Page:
The first two weeks in Myanmar
Stepping over the border from Thailand into Myanmar (formerly known as Burma or Birma) takes you back into another time. There are very few cars and the ones you see are at least 20 years old. There are also far fewer motorbikes, instead people ride bicycles or use horse carts. It's very quiet and peaceful in the small towns and every motor vehicle stands out because its noise sounds louder against the near silence. You hear birds, roosters, dogs and people talking in the streets. Those Burma people are friendly but much more shy than say the Cambodians. Some kids don't know what to do if we wave or talk to them. But on the other hand, some of them come up to us and give us flowers and are very happy when we accept them.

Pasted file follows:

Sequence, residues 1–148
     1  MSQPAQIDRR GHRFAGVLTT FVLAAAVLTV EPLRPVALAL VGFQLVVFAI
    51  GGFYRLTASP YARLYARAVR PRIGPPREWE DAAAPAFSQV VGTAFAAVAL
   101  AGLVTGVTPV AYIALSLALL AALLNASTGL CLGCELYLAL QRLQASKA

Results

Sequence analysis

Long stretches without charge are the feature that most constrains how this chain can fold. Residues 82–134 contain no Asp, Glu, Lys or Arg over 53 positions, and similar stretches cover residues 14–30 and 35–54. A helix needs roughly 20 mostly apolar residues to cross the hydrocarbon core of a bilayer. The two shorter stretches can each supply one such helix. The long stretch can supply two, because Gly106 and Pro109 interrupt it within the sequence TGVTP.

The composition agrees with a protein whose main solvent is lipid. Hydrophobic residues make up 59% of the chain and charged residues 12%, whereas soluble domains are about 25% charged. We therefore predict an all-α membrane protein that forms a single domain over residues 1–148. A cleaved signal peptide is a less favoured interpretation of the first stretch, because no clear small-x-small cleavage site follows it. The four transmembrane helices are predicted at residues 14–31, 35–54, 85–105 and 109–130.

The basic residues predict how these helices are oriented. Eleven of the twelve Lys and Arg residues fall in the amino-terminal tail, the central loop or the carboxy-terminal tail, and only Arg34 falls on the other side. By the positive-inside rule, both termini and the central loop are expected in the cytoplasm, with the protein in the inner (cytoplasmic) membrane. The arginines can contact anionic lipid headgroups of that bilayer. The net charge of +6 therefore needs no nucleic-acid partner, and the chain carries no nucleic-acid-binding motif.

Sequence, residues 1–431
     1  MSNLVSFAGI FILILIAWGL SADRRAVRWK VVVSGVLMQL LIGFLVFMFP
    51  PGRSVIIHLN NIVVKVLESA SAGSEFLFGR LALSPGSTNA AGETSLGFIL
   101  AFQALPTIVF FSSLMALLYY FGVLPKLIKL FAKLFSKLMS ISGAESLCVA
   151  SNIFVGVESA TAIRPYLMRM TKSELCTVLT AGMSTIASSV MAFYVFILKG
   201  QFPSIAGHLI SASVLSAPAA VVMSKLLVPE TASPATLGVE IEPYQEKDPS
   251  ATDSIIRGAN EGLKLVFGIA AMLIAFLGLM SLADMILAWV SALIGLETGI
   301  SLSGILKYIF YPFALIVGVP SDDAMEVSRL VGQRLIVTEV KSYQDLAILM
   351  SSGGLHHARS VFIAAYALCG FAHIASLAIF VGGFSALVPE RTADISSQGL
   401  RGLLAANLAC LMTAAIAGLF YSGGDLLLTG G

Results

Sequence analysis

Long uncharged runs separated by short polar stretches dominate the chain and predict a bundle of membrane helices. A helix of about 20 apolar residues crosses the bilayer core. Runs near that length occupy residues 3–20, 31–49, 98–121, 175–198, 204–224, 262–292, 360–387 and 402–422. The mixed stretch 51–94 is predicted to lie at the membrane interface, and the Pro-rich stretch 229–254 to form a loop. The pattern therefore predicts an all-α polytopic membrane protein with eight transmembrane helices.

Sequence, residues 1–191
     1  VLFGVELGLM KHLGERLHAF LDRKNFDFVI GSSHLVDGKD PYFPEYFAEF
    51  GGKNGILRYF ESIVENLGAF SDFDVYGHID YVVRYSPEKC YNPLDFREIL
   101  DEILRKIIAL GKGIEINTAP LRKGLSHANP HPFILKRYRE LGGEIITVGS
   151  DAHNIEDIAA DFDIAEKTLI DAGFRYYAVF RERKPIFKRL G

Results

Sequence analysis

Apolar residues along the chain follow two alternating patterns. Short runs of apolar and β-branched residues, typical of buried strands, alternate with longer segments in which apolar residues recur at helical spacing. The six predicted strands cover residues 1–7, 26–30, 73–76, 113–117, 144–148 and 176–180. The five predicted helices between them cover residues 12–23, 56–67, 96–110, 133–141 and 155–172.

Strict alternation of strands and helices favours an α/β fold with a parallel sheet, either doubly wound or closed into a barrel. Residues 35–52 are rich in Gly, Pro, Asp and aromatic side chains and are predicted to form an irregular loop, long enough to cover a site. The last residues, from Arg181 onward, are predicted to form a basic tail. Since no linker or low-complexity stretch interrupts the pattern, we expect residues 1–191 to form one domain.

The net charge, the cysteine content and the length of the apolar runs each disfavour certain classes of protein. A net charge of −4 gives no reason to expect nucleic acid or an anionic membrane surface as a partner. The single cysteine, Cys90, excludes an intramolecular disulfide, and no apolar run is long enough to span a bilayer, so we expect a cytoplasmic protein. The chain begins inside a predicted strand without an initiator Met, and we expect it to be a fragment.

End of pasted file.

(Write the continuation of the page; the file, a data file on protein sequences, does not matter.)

Various parts of the country are off-limits for foreigners and when crossing by land from Thailand, as we did, you cannot reach the main sections of the country by road, so we had to fly. The airport we used is small and basic but the planes are modern 100 seats propeller planes. The domestic flights start in Yangon in the south and then stop 3 or 4 times on the way to Mandalay in the north to pick up and drop off passengers. This makes the flight much longer for most people but for us it didn't matter because we did only one stop and it was nice to see a country from the air for a change. As we hoped, there are much less tourists about, in the first town we saw six besides us but there are more touristy parts where there are more 'whiteys'. We spend a lot of time just strolling around the towns and the nice markets which are still very much open air rather than in modern buildings as in Vietnam. In Kengtung we did a day trip trekking up the mountains visiting several hill tribes on the way. The hill tribe people living here have no electricity or running water and live in very basic wooden huts. They are also less used to foreigners than those tribes I've seen in Thailand, Vietnam or even China. Our guide spoke the local languages and we spend some time in the central hut along with pretty much the whole tribe gathering around us. Another day trip was on a boat on Inle lake, a beautiful lake sandwiched on two sides between mountain ranges. There are many floating villages and markets on the lake as well as monasteries. Traditionally people are fishermen or farmers in the water gardens, but tourism had an impact here already and there are now many restaurants, souvenir shops and handicraft workshops.